In the end, I used the tried and true oven broiler to get the meringue top brown and toasty and, while this isn’t my preferred method (it starts to make the lemon filling too liquid if it heats up too much), it’s how I always remember my grandma making it, so that’s got to count for something! But I digress, let’s get baking!

(recipe adapted from The Fearless Baker + my grandma’s recipe cards!)


Pie Crust Ingredients

1¼ cups All-Purpose Flour
¼ tsp kosher salt
8 tablespoons (1 stick) salted butter, very cold and cubed
3+ tablespoons ice water
1 egg white, beaten

Pie Ingredient Steps

1. Preheat the oven to 425ºF. Mix together the flour and salt in a large bowl. Cut in the butter with your hands or a pastry blender until it’s evenly distributed and roughly the size of peas.

2. In the center of the flour mixture, add the 3 tablespoons of ice water to start and begin kneading with your hands until it comes together as a dough, sparsely adding water if necessary. You know it’s done when it can be gathered into a ball but still feels slightly dry- never wet or sticky. Wrap the dough in plastic wrap and chill for at least 30 minutes.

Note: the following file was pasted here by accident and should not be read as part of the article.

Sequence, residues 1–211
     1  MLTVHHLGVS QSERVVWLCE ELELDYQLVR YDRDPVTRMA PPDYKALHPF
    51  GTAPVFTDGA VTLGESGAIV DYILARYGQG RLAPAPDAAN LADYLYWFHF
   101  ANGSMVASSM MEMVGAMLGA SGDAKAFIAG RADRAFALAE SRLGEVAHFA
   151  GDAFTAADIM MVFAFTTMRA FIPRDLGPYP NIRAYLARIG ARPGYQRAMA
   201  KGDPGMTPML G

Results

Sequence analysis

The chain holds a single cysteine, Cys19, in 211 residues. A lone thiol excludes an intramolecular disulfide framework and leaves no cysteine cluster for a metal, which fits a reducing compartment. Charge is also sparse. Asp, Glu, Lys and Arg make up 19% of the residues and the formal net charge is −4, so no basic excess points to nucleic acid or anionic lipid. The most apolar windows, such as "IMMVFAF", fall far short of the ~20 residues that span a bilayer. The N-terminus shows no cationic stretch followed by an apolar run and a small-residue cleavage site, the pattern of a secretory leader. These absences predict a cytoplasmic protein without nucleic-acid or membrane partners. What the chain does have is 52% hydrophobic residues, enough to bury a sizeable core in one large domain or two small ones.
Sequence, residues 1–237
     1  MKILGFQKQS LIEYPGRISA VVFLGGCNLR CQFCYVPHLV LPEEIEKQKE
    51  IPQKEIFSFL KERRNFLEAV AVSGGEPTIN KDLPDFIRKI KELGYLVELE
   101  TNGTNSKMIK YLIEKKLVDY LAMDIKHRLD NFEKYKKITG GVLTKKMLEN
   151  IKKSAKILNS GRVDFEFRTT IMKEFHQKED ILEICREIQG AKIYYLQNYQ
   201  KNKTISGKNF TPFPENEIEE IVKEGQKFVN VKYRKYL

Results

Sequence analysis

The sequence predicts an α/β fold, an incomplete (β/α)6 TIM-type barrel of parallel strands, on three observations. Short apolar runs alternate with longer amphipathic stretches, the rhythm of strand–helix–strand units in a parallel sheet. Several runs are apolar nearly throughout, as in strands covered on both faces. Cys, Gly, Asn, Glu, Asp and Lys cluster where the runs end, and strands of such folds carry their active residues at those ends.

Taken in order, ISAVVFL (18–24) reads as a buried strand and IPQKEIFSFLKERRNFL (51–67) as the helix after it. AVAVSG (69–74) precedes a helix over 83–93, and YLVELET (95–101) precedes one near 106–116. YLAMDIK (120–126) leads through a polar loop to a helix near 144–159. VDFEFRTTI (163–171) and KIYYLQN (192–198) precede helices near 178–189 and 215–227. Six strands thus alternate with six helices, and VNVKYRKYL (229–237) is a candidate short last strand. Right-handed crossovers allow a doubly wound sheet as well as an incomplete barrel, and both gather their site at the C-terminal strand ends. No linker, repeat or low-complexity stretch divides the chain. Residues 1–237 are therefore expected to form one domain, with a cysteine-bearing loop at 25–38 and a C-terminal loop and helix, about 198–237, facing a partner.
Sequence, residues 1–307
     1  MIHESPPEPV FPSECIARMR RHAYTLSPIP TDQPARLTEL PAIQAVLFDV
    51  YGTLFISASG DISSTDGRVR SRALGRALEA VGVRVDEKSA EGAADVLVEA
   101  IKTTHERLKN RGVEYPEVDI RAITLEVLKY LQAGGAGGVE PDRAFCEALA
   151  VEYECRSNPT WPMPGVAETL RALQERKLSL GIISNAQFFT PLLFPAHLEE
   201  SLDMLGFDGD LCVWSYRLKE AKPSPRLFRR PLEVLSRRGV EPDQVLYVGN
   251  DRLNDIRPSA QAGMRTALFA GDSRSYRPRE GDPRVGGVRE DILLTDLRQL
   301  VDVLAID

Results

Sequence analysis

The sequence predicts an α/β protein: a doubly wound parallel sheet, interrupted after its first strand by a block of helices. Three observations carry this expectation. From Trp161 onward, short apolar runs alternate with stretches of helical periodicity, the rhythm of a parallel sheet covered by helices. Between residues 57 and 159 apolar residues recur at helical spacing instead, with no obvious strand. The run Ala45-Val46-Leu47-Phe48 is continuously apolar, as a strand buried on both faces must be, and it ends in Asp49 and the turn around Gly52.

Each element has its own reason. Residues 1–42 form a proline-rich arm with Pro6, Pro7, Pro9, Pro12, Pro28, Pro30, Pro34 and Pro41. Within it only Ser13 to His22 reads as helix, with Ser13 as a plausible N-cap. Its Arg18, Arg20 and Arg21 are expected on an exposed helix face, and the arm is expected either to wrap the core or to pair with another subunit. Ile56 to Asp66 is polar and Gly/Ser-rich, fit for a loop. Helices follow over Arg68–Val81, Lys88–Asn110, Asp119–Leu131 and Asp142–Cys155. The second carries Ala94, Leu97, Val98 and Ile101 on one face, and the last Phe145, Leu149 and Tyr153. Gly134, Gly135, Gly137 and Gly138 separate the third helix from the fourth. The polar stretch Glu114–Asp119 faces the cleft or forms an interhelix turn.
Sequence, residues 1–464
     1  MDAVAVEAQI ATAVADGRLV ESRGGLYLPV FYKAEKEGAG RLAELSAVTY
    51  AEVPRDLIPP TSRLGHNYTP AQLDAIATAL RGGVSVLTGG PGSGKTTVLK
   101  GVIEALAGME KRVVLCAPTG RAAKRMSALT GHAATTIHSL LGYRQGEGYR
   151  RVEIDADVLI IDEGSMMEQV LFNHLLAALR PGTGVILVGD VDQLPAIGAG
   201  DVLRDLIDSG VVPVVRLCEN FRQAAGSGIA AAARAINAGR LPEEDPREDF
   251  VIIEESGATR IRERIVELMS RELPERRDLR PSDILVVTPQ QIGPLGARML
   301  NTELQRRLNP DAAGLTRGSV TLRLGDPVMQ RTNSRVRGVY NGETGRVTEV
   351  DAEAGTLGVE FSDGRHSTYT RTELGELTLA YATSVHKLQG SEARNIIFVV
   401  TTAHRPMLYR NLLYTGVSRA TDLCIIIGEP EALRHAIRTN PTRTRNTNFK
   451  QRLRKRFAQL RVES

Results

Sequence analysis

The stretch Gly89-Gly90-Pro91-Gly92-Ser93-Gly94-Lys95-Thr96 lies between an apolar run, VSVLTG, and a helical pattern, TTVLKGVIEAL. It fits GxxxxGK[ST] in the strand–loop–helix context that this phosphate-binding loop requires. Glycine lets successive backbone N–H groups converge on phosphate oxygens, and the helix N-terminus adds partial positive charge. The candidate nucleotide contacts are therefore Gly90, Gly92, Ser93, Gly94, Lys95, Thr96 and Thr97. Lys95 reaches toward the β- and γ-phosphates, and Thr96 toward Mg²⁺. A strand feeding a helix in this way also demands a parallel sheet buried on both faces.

3. When ready to blind bake, roll out the crust on a well floured surface until it’s a few inches wider than your desired pie plate on all sides, making sure to check that it isn’t sticking anywhere. Carefully transfer to your pie plate; I like to fold mine in half and then in half again, then unfold in the plate, but some people like to roll the dough around the rolling pin and transfer that way.

Okay but this is the neatest pie crust I have EVER made

4. Trim and crimp the edges as desired (I like a fluted crust myself), and prick holes in the bottom of the crust with a fork. Place a square of parchment paper larger than your crust in the middle and fill with pie weights, dried beans, or rice and bake for 15 to 20 minutes, until the crust is just golden.

It’s high time I buy myself some pie weights I think, I waste a LOT of rice doing this

5. Remove the parchment paper and weights and brush the whole crust with one beaten egg white, then return to the oven. Bake for another 12-15 minutes- watch your edges and cover if they begin to brown too fast! Remove from the oven and allow to cool completely before filling.